Today, I have a recipe for a dessert from the Philippines that I am sure many of you are unfamiliar with. I did a bit of research on this, since I love long Wikipedia-clicking sessions. :) There are 3.4 million Filipino-Americans, which makes them just over 1% of the population, mostly concentrated in California and Hawaii. Oh, then it makes sense that you would not have eaten in a Filipino restaurant or shopped at a Filipino supermarket like I have, right?
Shockingly, there are more persons of Filipino heritage in the U.S. than those of Japanese, Indian, Korean, and Vietnamese backgrounds. In fact, the only Asian group that is more represented in the U.S. are those of Chinese heritage. Then why do people not know more about Filipino food? Well, for one thing there are very few Filipino restaurants. Also, it is difficult to find recipes, partially because Filipinos rarely cook using recipes and exact measurements, which Lindsay from Pinch of Yum noted. That means, whenever I ask someone, "Well, how do you make this dish or this dish?," I never get a straight answer!
Therefore, I made it my mission one day to hover over the shoulder of the "chef" whose dish I wanted to copy, in order to time and measure everything before it was added (with her permission, of course). I finally had a recipe that I could start with, and after a bit of tweaking, I finally have a recipe to share with you all!
Now about the dish itself! After all of that talk about traditional Filipino food not being represented well in the U.S., I admit that this is a non-traditional version of Ginataang Bilo-Bilo. The word ginataan refers to a multitude of dishes, all of which are cooked in coconut milk. The word bilo-bilo refers to the sago or tapioca pearls, although some people make glutinous rice balls instead, called palitaw.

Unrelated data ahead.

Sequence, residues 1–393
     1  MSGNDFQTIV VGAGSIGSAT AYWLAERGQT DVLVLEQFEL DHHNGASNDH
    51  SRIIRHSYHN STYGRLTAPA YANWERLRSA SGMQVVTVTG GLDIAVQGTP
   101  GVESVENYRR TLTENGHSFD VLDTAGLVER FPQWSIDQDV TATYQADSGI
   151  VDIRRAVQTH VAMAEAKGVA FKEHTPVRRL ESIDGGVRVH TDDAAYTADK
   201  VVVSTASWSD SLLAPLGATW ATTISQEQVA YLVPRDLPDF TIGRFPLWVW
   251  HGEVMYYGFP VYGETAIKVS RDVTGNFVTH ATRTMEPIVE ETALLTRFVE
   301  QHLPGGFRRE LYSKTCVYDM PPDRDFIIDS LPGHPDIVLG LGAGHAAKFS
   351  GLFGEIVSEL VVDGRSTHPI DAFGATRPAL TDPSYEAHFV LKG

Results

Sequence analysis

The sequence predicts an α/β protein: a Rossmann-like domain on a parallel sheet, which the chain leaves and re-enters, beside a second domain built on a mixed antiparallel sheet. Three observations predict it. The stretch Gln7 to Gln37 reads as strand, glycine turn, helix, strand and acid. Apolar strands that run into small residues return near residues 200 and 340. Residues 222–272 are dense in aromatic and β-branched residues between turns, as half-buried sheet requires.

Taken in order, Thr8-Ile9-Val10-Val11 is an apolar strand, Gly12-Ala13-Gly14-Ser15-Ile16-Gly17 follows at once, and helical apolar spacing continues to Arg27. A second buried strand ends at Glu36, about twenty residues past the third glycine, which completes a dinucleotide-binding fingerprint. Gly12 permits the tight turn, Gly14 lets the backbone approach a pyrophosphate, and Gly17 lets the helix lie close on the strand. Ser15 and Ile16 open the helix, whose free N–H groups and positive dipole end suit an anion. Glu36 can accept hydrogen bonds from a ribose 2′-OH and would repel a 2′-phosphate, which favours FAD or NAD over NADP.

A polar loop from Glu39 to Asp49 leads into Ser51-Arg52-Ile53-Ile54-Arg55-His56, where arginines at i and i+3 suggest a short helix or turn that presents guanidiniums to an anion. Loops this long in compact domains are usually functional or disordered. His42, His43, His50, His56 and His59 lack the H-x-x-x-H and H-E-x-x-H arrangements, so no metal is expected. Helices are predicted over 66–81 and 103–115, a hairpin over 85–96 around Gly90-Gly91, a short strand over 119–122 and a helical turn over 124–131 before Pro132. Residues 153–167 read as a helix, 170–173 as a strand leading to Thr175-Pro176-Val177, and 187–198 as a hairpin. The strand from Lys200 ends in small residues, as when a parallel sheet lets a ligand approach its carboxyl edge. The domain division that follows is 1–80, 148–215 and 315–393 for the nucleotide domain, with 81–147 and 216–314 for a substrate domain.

Basically, here are the ways that my version of the dish differ from traditional Ginataang Bilo-Bilo:
- I use sago (tapioca pearls) instead of palitaw. I like palitaw, but it is time intensive to make.
- Traditional versions include ube, a purple yam. It's good but I didn't have one on hand.
- My version is considerably more chunky. Traditionally, it looks like more of a soup, but I prefer a higher fruit to liquid ratio, like a stew.
- I eat it cold, like pudding, but it is traditionally eaten warm like porridge. Try it both ways to see what you prefer!
I like this dessert because it is a fruit-filled, colorful, flavorful, and relatively healthy. As much as I love cake, sometimes I need to lay off the refined carbs a bit, and this is perfect. :) Also, this is great for anyone who is gluten-free, lactose-free, and vegan, so it is pretty versatile!
Are you ready to see how to make this? Then let's get started!
(Non-traditional) Ginataang Bilo-Bilo
A Vintage Zest original recipe, adapted from an anonymous chef's family recipe :)
- 2 1/2 cans coconut milk
- 2 1/2 cups water
- 6 cups sweet potatoes (about 3 large), cut into large chunks
- 1/2 cup sago (tapioca pearls)
- 3/4 cup sugar
- 12 oz. langka (jackfruit) with syrup or 1 1/2 cups fresh, sliced thinly (see below; found at most Asian markets)
- 1 1/3 cups plantains (about 3 large), sliced thickly
1. Add the coconut milk and water to a large sauce pot.
2. Add the sweet potatoes and cook on medium-high heat, while simmering. Cook for 15 to 20 minutes, stirring occasionally until the potatoes have softened slightly.
3. Add the rest of the ingredients, starting with the tapioca pearls...
...and lastly, the plantains and jackfruit.
4. Cook until the tapioca is cooked and the ginataang has thickened, anywhere from 20 to 30 minutes. FYI, this batch took 25 minutes.
And that's it! You can eat it hot, which is more traditional, or cold, which is how I prefer it! Anyways, I hope that you try it out!
Have you tried Filipino food before?